Sunday, March 6, 2011

An Intimate Evening with Milton

If they put that up on the marquis at the Chicago Theater, I doubt they could sell any tickets.  My Milton professor likes to joke, "I'd love to just sit down and have a beer with so many of the greats  -- James Joyce, Wordsworth... Shakespeare!  Me and Shakespeare'd get roaring drunk!  But not Milton.  I wouldn't have a drink with him.  What the hell would I have to say to Milton?" 

Dr. Johnson ("This Dr. Johnson, not the other!" -- also a running joke) doesn't doubt that Milton has plenty to say, but what do you say back to someone who is so learned, so poetically gifted, so...temperate?  If he were here, I don't know that he would enjoy a drink with any of us.

I'm taking a break from Milton midterm studying to do a big brain dump and ask a quick question, one I've asked here before.  What the hell is "studying"? 

Do you re-read everything?  Re-skim it?  Write stuff down?  And what do you write down?  In high school, in undergrad, I never really had to study, except to reread the philosophy a couple of times.  I took notes in class, retained them in my noggin.  I don't think that will continue to fly in grad school, especially reading a hundred pages a week per class.

Here's what I'm doing -- I made a chronological list of the works we've read, dated them, and wrote summaries of them from memory with key terms for each (i.e. pastoral elegy).  Now I'm going to go back with the book and add in anything important that I missed. This is mostly for piece identification, since the essay is open book.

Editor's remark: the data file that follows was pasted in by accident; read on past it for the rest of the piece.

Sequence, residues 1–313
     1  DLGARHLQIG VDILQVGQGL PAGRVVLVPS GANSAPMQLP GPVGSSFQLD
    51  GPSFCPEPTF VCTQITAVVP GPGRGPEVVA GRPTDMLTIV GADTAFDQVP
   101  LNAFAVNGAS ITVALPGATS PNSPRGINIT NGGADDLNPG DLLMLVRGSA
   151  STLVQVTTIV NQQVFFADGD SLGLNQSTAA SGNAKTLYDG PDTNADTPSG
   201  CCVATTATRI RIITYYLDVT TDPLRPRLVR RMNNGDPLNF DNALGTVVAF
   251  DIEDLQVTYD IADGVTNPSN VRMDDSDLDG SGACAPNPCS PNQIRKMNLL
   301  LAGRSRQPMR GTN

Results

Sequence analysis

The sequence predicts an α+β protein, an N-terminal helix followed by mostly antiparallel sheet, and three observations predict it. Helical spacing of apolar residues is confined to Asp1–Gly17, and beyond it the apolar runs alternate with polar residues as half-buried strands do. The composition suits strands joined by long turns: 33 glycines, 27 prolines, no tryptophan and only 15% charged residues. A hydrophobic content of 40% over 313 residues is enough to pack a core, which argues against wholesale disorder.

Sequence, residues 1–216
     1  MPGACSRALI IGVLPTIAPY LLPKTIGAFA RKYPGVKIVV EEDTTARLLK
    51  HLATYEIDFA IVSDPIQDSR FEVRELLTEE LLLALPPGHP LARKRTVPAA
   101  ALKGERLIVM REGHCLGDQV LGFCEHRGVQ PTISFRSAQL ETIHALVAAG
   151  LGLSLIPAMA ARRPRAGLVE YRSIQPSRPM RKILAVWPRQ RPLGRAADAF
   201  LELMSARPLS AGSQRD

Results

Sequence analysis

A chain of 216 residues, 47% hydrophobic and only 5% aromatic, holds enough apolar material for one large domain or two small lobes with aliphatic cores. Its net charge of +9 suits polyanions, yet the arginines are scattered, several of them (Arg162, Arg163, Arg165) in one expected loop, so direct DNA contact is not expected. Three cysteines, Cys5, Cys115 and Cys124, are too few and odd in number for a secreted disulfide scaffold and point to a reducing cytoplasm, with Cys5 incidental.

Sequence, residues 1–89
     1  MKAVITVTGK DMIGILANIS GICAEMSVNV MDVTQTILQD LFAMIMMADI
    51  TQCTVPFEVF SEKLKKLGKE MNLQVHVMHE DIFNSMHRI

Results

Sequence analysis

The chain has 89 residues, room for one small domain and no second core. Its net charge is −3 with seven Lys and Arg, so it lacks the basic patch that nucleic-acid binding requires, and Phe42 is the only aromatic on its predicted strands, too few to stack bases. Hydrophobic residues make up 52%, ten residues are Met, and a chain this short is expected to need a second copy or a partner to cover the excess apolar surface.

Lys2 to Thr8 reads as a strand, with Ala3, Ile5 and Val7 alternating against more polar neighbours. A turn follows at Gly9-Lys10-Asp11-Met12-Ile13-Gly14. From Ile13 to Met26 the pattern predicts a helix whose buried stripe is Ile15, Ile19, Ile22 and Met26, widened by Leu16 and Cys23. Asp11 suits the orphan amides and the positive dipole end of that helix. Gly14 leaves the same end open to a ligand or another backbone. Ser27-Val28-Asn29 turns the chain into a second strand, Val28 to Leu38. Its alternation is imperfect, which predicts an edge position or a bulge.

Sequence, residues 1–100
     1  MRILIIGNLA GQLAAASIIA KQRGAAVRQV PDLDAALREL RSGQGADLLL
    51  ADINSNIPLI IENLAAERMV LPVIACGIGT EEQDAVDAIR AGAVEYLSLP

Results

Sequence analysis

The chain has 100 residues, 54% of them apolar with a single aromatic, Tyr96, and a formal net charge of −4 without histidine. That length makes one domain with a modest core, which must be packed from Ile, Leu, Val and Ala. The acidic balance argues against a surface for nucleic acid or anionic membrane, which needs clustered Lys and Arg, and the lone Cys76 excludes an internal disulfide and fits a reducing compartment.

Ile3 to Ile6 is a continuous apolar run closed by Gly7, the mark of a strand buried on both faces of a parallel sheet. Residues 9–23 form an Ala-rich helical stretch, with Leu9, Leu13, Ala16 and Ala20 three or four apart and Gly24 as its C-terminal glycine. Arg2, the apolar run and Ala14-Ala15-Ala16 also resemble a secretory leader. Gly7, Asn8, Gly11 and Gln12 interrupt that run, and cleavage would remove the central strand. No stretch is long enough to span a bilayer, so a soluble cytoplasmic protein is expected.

How do you study?  Really, I'd like to know.


  1. One word (or is it two): Flashcards, lots and lots of flashcards.

    I'm actually considering starting a flashcard business (I'm the envy of my art history course. What with my access to a color printer and all). I'm seriously considering lamenting this most recent batch, just to inspire that extra envy. Yes, I realize I'm sick :)

  2. I am a huge proponent of typing up my notes. Being forced to review all of my class notes and go through everything I scribbled in the margins really helps me organize my thoughts. Plus, I hope that if I ever need them again, I will be much happier with neatly typed pages rather than all those random notebooks!

    Just came across your site - will definitely be back! I write a good bit about the sticky world of study skills too:

  3. @Marisa -- Good idea! I make pages and pages of scribbles, then just keep glancing over them hoping to re-absorb something. We are actually keeping Commonplace Books on our Milton readings, so it might be helpful to type those entries up.

    @Lauren - I don't know if flashcards a very helpful with literature, with the exception of something like the subject GRE test. For that you are just memorizing mnemonics and other brain-joggers, because you can't possibly read for the test. Flashcards could help with those.

    No one did great on the Milton midterm (even the advanced grads were baffled by some things on there), but I have to say that writing out the works in chronological order really helped. Because Milton's mostly have to do with stuff that's going on in England or in his life (with the exception of PL maybe), knowing what order they go in makes everything fall into place.


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